Parents should never ask kids their passwords because it shows that they don’t trust their children. First of all, examine your kid if your kid does not look stressed when using their phone. Then there is no need for you to take action. Trust your kids and respect their privacy because you know that you raised them right.
Think about how it feels when someone violates your privacy. The same feeling goes through your children as well. So if you start violating your kids’ privacy, they will feel neglected and build trust issues. They will start to get recluse toward you.
So my advice is not to ask your kids about their passwords. They will stop sharing about their personal lives and feelings, and your relationship with them deteriorates. However, you can use alternatives to protect your child from the internet’s harmful effects.
Alternative to asking Kids Password
Have a Direct Talk with them
The most important thing you can do to keep your kid safe is to have a proper conversation with them. Tell them the harmful effects of the internet. Tell them the things that they can and can not do on their phone. Warm them about the dangers of social media. Teach them how to stand up against cyberbullying.
The more you start to have conversations with them, the more they will be open with you. They will know about the harmful effects of social media. And, when they are aware of it, they will start making the right choices. The most important thing is to teach your kids the right thing and have faith in them to do the right stuff.
Listen to your Kids
Always try to listen to your kids. Never disregard their feelings or try to undermine them. If you undermine them, they start to feel like their feelings do not matter. Then, they start to get more and more solitary.
When you listen to your kids, they will start to share their problems with you. They feel validated. Then, they will start to share problems that they are facing on social media. So, you don’t even need to ask for their password. They will share their problems with you.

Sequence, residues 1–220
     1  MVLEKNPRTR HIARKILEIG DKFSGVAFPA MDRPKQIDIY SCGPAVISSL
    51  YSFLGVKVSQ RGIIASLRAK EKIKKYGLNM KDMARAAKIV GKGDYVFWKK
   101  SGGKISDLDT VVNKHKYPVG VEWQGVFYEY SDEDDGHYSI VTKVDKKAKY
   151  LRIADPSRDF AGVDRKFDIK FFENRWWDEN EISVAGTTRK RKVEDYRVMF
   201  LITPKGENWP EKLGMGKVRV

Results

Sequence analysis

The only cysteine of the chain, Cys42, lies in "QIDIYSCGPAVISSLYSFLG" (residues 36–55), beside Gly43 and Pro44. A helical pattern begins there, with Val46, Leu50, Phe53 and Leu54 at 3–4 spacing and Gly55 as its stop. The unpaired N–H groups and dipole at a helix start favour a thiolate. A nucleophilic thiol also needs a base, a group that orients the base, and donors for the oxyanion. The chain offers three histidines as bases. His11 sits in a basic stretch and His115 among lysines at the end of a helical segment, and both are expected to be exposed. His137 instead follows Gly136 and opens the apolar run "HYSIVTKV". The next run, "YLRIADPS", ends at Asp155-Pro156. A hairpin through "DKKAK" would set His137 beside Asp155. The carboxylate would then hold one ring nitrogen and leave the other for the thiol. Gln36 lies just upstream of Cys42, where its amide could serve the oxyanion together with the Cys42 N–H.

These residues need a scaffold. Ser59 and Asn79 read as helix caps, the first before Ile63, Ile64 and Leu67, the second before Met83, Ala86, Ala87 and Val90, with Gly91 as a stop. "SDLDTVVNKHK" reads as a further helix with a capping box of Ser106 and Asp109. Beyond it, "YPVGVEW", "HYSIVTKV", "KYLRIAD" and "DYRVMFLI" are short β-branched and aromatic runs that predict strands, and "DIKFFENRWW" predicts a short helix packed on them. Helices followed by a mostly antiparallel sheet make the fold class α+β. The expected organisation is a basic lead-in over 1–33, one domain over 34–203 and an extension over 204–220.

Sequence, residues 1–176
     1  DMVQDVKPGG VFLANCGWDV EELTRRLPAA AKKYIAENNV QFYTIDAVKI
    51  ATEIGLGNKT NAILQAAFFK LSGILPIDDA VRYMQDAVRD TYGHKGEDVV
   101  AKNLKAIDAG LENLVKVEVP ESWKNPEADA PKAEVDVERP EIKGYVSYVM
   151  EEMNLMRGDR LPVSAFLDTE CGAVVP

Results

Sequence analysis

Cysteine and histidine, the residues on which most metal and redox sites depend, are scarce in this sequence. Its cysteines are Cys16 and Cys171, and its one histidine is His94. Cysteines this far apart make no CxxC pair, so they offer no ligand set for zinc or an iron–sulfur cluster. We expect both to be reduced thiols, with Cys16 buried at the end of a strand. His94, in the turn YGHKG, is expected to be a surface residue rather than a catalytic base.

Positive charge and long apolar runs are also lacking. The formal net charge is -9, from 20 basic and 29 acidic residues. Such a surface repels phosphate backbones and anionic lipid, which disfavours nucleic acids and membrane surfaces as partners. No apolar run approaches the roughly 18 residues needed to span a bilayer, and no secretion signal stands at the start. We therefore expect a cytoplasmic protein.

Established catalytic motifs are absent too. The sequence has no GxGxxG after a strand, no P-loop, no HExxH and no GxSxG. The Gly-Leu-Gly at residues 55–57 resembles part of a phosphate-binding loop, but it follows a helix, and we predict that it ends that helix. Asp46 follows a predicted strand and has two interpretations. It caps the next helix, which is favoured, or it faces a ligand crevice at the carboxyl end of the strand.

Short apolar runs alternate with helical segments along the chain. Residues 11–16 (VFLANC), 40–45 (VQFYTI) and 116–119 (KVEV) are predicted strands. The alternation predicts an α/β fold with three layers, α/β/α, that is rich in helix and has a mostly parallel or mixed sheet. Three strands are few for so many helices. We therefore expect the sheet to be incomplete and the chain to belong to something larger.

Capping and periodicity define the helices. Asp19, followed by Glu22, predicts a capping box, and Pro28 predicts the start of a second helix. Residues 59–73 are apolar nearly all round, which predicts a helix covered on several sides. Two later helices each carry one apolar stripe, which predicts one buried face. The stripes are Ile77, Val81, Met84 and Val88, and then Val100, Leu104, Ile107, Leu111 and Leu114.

Try sharing your problem
When you start sharing your problems with your kids, they will feel like it’s ok to share their problems with you as well. Try to treat them like your friends and make them feel like it’s ok to have problems. When they share their problems with you, don’t ever scold or disregard them.
Listen to their problem and try to have a proper discussion with them to find the solution. This discussion will help your kids to make an assertive decision if they face similar problems in the future. The more you try to share your problems, the more they will share their problems.
Use Parental Monitoring Apps
Instead of asking your kids their password, you can use various parental monitoring apps out there to check up on your kid’s phone activity without them knowing. Parental control applications are helpful for better parenting. You can track their GPS location and check their social media activities like Instagram, Snapchat, WhatsApp, and Facebook. You can also monitor their call logs and website access.
Best Parental Monitoring Apps
Some of the best parental control and monitoring apps are:
Features of Parental Monitoring Apps
Some of the features of these monitoring apps include:
- You can dynamically access all details of your kid’s phone.
- Monitoring apps also keep records of deleted text messages.
- Uploads your kid’s GPS positions on a Google Map so you can know where they are.
- Some of them have a stealth camera feature. This feature can stealthily capture photos of your kid’s surround and send them back to you.
- View all the Instagram messages, Snapchat shots, Emails, and WhatsApp messages.
- The images sent and received by your kids are recorded and can be viewed.
- The incoming and outgoing calls are logged and recorded along with duration, date, and time.
- You can find out what websites are being accessed by their kids, along with the browser history.
When should you ask for your Kid’s password?
Asking your kids their passwords should be the last resort if you feel like your kid is in serious trouble. If you can see, your kid is constantly stressed out while they are using their phone. That’s exactly when you have to step up and ask for their password and take necessary action.
Don’t shame your child or try to make them feel guilty. Just ask for permission to access your kid’s phone and try to help them get out of trouble.
So, it would be best if you did not ask your kids about their passwords. You should always respect their privacy. Rather, you can try to talk to them and listen to their problems. They will eventually share if they have any queries or are in trouble. For your kid’s safety, you can also use parental monitoring apps like MobileSpy, Spyera, mSpy, FlexiSpy, etc.